Deciphering the details
The challenge-skills spectrum, the hardest thing about creativity, monotasking and pomodoro technique, writing tips from a acclaimed writer
Challenge and Skill levels for Flow state
Not so long ago, an open conversations with my manager veered into the topic of ‘flow state’- a term coined by positive psychologists Mihaly Csikszentmihalyi and Jeanne Nakamura. It is that feeling of being ‘in the zone’. We experience the flow state when we do what we love.
I was familiar with the overall concept of the flow state. What was new to me was how the level of challenges and skills define our mental states and particularly the flow when doing an activity.
When we do an activity with above-average challenges and above-average skills, that would be the flow zone.
On the contrary, if the challenge is high and skills are not there yet, we experience an arousal state- being pushed beyond our comfort level. As for control, we feel comfortable but not very excited because we don't feel challenged enough.
Other mental states that yield from the combinations of challenges and skills aren't very optimal.
I think learning about this is helpful to evaluate our mental states when it comes to doing certain tasks and understanding where we fall on the challenge-skills spectrum.
The hardest thing about creativity
One of my core beliefs is that creativity and curiosity will radically change how we see the world.
A recent good read was a much needed reminder that the creative process is full of emotional ups and downs. While creators love their work in general, this work is full of anxiety, frustration, and self-doubt.
To navigate creative blocks, creators need skills in managing emotions to increase their creative persistence.
Also, setting helpful expectations around experiencing ups and downs, the importance of completing one’s work (good enough is better than perfect) and being aware that one’s work will be criticized helps navigate the unpleasant emotions when it comes to creativity.
Monotasking and the Pomodoro technique
I think about productivity a lot these days as I look to work efficiently within an amount of time I spend doing anything to maximize my output.
While there are many techniques and advices out there, there's certainly no one size fits all.
There's two things I've experimented with that are most successful for me:
Monotasking: It’s the exact opposite of multitasking. It means doing only one thing at a time. This isn’t 100% foolproof given the nature of work demanding context switching but can be applied on many occasions when we control the amount of context switch.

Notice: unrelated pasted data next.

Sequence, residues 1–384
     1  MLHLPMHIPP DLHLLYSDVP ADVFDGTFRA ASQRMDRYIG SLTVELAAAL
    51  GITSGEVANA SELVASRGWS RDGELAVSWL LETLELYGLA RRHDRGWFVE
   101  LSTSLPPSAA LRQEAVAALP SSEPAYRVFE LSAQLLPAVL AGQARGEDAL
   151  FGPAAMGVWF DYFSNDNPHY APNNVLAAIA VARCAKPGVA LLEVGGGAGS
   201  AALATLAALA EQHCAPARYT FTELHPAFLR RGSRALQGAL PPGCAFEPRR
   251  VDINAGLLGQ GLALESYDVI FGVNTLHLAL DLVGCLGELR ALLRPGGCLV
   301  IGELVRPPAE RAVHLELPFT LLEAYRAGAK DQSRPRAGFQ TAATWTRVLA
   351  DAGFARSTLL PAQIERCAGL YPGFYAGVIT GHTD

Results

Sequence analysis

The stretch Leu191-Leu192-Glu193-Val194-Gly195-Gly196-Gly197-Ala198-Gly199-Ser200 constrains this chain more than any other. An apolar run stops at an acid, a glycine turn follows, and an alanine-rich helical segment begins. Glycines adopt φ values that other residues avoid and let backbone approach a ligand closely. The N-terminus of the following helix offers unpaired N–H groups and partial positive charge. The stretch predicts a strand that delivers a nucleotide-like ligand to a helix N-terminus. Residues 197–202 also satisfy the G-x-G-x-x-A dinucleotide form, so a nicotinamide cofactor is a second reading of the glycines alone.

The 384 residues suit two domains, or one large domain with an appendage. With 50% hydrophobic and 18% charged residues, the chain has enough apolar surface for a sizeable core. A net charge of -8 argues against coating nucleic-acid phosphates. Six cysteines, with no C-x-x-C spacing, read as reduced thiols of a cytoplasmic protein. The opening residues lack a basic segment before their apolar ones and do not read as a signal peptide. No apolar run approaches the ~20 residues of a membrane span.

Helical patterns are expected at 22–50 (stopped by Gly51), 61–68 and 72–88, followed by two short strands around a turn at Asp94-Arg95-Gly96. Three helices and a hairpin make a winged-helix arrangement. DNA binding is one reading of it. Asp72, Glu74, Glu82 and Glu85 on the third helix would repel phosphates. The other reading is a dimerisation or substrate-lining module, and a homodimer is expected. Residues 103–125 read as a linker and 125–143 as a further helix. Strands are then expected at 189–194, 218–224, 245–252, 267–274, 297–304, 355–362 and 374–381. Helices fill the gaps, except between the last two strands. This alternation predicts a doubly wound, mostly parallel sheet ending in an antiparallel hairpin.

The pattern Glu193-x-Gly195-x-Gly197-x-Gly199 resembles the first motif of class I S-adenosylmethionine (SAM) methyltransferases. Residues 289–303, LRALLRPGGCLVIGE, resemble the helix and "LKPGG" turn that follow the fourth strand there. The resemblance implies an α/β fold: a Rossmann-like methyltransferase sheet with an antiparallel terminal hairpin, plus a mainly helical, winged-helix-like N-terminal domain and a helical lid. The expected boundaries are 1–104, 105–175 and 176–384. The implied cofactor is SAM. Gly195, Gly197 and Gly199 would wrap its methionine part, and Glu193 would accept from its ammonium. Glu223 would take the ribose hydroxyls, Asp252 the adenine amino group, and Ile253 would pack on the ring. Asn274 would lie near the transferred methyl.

Pomodoro: This is the best technique to start mono-tasking. I first came across this technique through Dr. Barbara Oakley's Coursera course 'Learning how to Learn'. I've since had better results utilizing the Pomodoro often for any task that I find demands more deeper focus from me. Lately, I have been using the Marinara: Pomodoro Assistant or sometimes a plain old timer on my phone for this. Here's another good read on this topic.
Margaret Atwood’s top five writing tips for aspiring writers
I love it when acclaimed prolific writers talk about their writing process or share their tips with aspiring writers. A good one that highly resonated with me was from Margaret Atwood who offered 5 tips:
Get a notebook. Write down things that come to your head that you think might be useful later.
Read a lot and read critically (i.e I like this, I do not like that, why do I like this, what qualities do I like about it), notice how the writer is putting the story together and how they are handling the language of the story.
Pay attention to your posture, and get enough exercise. It is important.
If you come across a block, go for a walk or take a nap. Both are great for your mind to problem solve.
Don't be afraid to throw things out. When you are writing, nobody is seeing it except you so don't worry about what other people might think of it while you are writing. If you then decide this isn't where you want to go or what you want to put out there, don't be afraid to trash/ archive it.
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